A Moscow cinema that had been showing a satirical film about Soviet leader Josef Stalin in defiance of an official Russian government ban cancelled further screenings today.
The Pioner cinema’s announcement came several hours after Moscow police visited it. Police did not declare the purpose of their visit, but it followed the Russian Culture Ministry’s warning that the cinema could face sanctions including fines.
The Culture Ministry on Tuesday rescinded the permit allowing Scottish writer-director Armando Iannucci’s The Death of Stalin to be shown in cinemas.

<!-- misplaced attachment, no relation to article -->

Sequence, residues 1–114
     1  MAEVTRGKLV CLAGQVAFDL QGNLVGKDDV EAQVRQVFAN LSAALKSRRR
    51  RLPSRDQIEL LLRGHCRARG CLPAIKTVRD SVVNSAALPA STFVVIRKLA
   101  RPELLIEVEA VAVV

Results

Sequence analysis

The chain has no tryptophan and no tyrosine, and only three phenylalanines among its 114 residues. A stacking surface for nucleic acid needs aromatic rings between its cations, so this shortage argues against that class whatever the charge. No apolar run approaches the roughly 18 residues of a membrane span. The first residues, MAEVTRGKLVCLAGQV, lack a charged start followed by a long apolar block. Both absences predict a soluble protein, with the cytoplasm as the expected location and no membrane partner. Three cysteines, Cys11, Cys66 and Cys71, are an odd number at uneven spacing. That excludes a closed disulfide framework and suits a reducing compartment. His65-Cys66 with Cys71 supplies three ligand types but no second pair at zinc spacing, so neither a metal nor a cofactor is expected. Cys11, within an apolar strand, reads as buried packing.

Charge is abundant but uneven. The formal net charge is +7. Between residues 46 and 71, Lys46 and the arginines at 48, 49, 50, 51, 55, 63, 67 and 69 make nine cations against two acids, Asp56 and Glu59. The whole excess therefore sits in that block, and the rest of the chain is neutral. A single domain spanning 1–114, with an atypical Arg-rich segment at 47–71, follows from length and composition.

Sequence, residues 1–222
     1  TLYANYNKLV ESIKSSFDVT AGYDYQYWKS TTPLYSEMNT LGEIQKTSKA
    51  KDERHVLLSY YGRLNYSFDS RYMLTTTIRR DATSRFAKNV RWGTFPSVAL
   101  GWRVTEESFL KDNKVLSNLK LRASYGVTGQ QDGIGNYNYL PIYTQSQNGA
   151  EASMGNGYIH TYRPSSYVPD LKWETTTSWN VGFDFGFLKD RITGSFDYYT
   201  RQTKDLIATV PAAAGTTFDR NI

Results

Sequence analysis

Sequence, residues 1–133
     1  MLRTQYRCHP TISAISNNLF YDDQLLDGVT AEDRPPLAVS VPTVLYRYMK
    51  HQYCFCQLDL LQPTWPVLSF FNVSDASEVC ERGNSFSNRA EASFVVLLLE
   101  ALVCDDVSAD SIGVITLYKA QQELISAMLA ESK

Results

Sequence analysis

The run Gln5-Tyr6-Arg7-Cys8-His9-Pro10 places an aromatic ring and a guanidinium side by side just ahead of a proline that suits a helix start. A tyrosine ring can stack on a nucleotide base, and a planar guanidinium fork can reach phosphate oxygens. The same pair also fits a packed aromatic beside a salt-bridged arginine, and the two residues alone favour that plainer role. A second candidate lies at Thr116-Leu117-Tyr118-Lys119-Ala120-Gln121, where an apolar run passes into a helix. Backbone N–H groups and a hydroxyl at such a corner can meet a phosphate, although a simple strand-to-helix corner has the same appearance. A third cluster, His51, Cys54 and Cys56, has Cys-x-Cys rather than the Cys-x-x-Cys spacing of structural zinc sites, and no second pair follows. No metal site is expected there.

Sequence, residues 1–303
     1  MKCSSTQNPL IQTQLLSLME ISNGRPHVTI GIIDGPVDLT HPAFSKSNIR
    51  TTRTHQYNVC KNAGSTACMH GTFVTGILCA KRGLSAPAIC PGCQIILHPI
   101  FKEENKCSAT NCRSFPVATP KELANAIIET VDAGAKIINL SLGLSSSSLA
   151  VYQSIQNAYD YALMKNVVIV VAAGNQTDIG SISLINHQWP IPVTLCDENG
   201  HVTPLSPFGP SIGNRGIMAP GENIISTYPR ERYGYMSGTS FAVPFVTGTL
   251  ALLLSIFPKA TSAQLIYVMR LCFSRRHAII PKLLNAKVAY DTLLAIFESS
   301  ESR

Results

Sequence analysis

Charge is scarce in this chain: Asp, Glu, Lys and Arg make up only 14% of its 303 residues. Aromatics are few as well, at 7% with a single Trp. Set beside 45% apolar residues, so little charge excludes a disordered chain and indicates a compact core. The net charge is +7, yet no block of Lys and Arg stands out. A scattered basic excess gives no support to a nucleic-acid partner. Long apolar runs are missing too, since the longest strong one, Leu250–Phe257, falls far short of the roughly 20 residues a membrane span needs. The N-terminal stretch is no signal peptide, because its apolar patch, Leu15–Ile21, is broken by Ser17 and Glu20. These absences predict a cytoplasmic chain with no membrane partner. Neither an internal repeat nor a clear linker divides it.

The decision came after communists and others criticised the movie as a mockery of Russian history.
The film was scheduled to premiere in Russia on Thursday, and the Pioner cinema screened it as planned. Showing an unlicensed film is punishable by a fine of up to 100,000 rubles (about €1,400) and could lead to a cinema’s closure in case of a second violation.
In announcing it was pulling the movie, the cinema said on its Facebook page that pre-purchased tickets would be refunded and “for all further questions, we ask you to turn to the Ministry of Culture”.